Poor governance, corporate performances impact insurance equities
•Share value stagnant for five years, experts demand better regulation
The poor patronage of insurance products, which has resulted in poor corporate performance of the sector and stagnation in their share prices in the past five years, is unsettling the market. Indeed, the sector has witnessed a prolonged stagnation as the economy suffered a harsh operating environment in recent years.
A five-year review of performance of companies in the sector showed that many of the stocks are currently trading at a discount while others have remained inactive despite the industry’s huge potential for growth. Shareholders have argued that many listed insurance firms have poor corporate governance structures hence their poor management translates to non-payment of dividends.
For instance, Standard Alliance insurance, which stood at 44 kobo as of 2018, depreciated to 20 kobo at close of transactions on Friday, September 8, 2023, while Goldlink insurance also dipped from 54 kobo to 20 kobo. Prestige Assurance closed at 46 kobo last week Friday from 50 kobo it traded in 2018. Universal insurance and Regency Assurance remained static at 22 kobo and 40 kobo. Other insurance stocks trading below 50 kobo are Guinea Insurance currently trading at 36 kobo, Mutual Benefit (47 kobo), Sovereign Trust Insurance (42 kobo), Staco (48 kobo) and Veritas Kapital (27 kobo).
The decline in stock prices over the last few years may be closely connected to its poor performance, as many of the insurance firms have not paid dividends to shareholders, which has adversely affected the industry’s image and consequently eroded confidence in the stocks. The 2022 full-year result of Prestige Assurance showed that pre-tax profit dropped by 80.45 per cent to N143.11 million, down from N732.23 million in 2021. The report also showed that the company reported a net premium income of N5.39 billion, a 17.43 per cent increase from N4.59 billion in 2021.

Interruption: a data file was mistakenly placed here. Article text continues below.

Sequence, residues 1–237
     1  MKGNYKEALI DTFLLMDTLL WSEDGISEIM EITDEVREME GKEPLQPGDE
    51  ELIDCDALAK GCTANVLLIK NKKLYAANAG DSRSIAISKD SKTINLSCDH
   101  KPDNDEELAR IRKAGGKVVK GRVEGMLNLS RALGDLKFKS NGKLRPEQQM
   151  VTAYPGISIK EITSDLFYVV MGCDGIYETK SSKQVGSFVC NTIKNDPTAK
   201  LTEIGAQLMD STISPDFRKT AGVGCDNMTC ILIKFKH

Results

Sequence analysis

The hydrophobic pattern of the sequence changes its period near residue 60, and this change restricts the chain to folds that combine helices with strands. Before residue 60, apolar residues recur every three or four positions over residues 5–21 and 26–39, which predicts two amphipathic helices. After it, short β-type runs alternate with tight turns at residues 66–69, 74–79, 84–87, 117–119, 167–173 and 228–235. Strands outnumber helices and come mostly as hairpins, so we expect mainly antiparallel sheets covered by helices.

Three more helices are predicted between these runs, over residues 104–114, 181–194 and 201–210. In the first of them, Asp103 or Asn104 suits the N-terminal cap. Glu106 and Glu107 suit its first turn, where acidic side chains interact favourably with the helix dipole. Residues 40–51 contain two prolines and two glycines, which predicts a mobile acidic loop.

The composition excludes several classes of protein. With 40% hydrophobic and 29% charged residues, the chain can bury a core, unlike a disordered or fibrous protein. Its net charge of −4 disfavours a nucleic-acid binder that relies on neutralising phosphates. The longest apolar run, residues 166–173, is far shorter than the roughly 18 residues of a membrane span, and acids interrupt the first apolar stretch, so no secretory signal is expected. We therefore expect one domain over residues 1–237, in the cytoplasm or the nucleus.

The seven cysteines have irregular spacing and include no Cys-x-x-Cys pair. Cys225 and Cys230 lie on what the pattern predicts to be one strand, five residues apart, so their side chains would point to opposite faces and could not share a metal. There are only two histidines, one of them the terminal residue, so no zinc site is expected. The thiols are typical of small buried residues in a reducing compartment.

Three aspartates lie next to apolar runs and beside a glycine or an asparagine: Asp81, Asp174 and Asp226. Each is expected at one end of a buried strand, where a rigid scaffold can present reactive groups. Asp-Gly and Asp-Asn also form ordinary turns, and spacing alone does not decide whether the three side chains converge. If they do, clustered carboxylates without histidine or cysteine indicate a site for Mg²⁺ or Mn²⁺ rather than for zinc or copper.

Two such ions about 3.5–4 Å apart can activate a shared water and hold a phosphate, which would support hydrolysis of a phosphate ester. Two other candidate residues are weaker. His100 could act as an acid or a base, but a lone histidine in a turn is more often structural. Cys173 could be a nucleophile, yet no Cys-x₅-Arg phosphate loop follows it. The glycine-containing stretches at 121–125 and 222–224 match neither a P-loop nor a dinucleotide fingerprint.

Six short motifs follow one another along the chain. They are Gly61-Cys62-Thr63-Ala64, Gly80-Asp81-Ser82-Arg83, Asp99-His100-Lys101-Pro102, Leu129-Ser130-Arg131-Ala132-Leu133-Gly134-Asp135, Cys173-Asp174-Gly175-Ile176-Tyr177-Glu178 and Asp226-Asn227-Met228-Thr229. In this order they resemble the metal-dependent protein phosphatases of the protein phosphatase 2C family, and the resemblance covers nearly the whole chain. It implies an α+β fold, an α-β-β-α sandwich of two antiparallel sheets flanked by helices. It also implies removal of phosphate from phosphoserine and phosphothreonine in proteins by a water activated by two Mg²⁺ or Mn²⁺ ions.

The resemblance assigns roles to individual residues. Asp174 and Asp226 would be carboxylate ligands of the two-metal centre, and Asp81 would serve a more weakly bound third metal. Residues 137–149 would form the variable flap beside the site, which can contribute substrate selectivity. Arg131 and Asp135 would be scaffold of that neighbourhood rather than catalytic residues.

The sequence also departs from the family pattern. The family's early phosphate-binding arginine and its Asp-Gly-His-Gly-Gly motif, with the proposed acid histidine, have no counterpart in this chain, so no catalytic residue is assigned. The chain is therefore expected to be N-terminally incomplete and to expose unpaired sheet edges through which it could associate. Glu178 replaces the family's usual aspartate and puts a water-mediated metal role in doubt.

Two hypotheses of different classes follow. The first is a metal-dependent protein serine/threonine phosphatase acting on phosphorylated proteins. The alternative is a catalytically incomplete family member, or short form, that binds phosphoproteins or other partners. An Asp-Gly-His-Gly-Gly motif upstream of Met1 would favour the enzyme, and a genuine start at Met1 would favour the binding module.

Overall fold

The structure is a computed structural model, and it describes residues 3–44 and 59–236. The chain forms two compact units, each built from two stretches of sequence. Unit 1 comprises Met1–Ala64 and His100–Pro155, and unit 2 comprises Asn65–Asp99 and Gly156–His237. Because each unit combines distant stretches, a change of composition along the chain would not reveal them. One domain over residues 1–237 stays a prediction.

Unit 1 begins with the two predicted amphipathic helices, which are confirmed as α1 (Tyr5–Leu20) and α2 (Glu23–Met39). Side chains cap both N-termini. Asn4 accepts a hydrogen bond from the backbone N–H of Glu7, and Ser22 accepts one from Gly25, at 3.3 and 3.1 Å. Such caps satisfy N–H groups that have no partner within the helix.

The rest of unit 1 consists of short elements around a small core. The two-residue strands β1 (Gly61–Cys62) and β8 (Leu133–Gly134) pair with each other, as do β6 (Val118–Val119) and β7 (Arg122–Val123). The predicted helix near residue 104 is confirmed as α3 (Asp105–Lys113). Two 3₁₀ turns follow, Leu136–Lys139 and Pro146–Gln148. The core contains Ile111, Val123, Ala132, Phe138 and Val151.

During the period, the company’s profit after tax fell by 91.42 per cent standing at N59.04 million against N688.28 million in the same period of 2021 as underwritten expenses increased. Within the same period, Guinea Insurance reported a net loss of N23.15 million compared to net income of N745.1 million a year ago. The basic loss per share was N0.0038.
Dissatisfied with the poor performance of their investments, investors stressed the need for operators in the sector to be more innovative and diversify into new businesses to boost profitability. An independent investor, Amaechi Egbo said the sector would not record any meaningful growth unless operators improve their corporate governance practices and ensure that all genuine claims are paid promptly. According to him, the high level of payment default by operators in the industry is a major contributory factor to shortfalls in investment in Nigeria’s insurance sector.
Egbo admitted that there is a huge opportunity within the space in Nigeria, however, he pointed out that there is a need for operators to urgently retool or reimagine their business models, risk and overall operations to build confidence and attract more investment into the space.
He said this could be achieved by leveraging modern digital technology that would enhance insurance penetration, adding that there is also a need for business diversification to enable them to survive current economic realities. Co-founder of the Nigerian Shareholders Solidarity Association, Gbadebo Adetokunbo, said the industry needed a better regulatory intervention to tackle problems impeding the growth of the sector over the years.
“The sector needs urgent interventions, especially in the areas of ensuring good corporate governance standards. NAICOM, which happened to be the regulator, needs to be overhauled.” “Take a look at the banking/insurance industries in Nigeria, while one is making progress on return on investment, the other is recording losses whereas the insurance sector happened to be the engine room of the economy in other emerging economies,” he said.
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